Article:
Effect of inadvertent intradermal administration of high dose percutaneous BCG vaccineBMJ 1996; 312 doi: https://doi.org/10.1136/bmj.312.7037.1014 (Published 20 April 1996) Cite this as: BMJ 1996;312:1014
- a Parkside Health (Community Trust), London W9 3XZ
- b Chest and Allergy Clinic, St Mary's Hospital, London W2 1NY
- Correspondence to: Dr Shaw.
- Accepted 1 November 1995
In the United Kingdom it is recommended that all children receive BCG vaccination to prevent development of tuberculosis.1 2 The standard route of administration is intradermal. In neonates a 10 times more potent percutaneous preparation is used, a small volume being injected to a depth of 2 mm with a modified Heaf gun. The two preparations have similar packaging and labelling and so may easily be confused.3 We report the outcome of inadvertent intradermal administration of the stronger percutaneous product and we describe the relation between the development of skin lesions and the dose of vaccine.
Subjects, methods, and results
Thirty two school children aged 11-14 received 0.1 ml of BCG vaccine intradermally at a routine school immunisation session. Nineteen received the preparation for percutaneous administration, which contains 50-250 million colony forming units per ml. Thirteen received the correct preparation, which contains 8-26 million colony forming units per ml (Evans Medical, Leatherhead, England). The error occurred because of the similar packaging and labelling of the two products. All parents and children were informed of the error and all agreed to a period of close observation. All observations were performed by the same observer (MMM). The study was not blind since a component of the consultation was to discuss any concerns with children and parents.
The area of induration increased progressively and was significantly greater in the group who had received the percutaneous vaccine intradermally (fig 1). Mean diameters were 0.96 cm (range 0.8-1.3, P<0.02 by Student's t test) at two weeks, 1.15 cm (0.9-1.5, P<0.01) at three weeks, and 1.23 cm (1.0-1.6, P<0.01) at six weeks; the mean diameter had decreased to 0.91 (0.6-2.2) cm by 15 weeks. By contrast, the mean diameter of the induration in those receiving the correct intradermal vaccine was 0.83 cm (0.7-0.9) at two weeks, 0.83 cm (0.6-1.1) at three weeks, and 0.77 cm (0.5-1.1) at six weeks.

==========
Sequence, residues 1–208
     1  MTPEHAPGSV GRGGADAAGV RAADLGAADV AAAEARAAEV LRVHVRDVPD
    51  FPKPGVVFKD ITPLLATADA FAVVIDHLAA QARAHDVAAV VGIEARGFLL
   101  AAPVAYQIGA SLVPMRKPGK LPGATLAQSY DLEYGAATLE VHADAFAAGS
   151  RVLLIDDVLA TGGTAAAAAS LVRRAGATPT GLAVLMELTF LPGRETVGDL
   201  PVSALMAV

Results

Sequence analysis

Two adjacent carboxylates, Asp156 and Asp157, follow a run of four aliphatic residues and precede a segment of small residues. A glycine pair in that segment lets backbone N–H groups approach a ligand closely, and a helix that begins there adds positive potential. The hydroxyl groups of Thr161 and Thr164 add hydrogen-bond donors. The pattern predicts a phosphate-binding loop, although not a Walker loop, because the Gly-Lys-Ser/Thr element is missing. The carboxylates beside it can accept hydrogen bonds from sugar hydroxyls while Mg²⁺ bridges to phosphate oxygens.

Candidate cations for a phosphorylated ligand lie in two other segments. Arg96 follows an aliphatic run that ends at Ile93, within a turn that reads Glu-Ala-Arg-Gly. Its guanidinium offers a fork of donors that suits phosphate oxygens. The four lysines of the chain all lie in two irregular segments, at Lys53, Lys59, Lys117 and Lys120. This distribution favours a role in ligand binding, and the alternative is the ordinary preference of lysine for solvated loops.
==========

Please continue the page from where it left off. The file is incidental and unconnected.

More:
The sequence of symptoms was itchiness, soreness, and discharge. These were similar in both groups, although discharge was more common at six weeks in the group inadvertently given the percutaneous vaccine (nine out of 15 children v one out of 10 children). Ten of the 15 children given the percutaneous vaccine were examined at 28 weeks. They complained of no symptoms, and mature scars had formed (mean diameter 1.2 cm (range 0.8-2.0)).
This study emphasises the requirement for clear packaging and labelling of drugs. If subjects inadvertently receive the percutaneous BCG vaccine intradermally they may, however, be reassured that the lesion will resolve over a few months without treatment. Although the lesions were sometimes painful, the induration was larger and discharge more common after six weeks when the high dose preparation was given intradermally. The lesions had started to resolve at 15 weeks.
The results also suggest a clear dose-response relation in vivo between the size of the inflammatory response and the dose of vaccine. We do not know whether there is a relation between the size of the inflammatory response and the protective effect of BCG or the size of the scar.
Funding Parkside Health (Community Trust).
Conflict of interest None.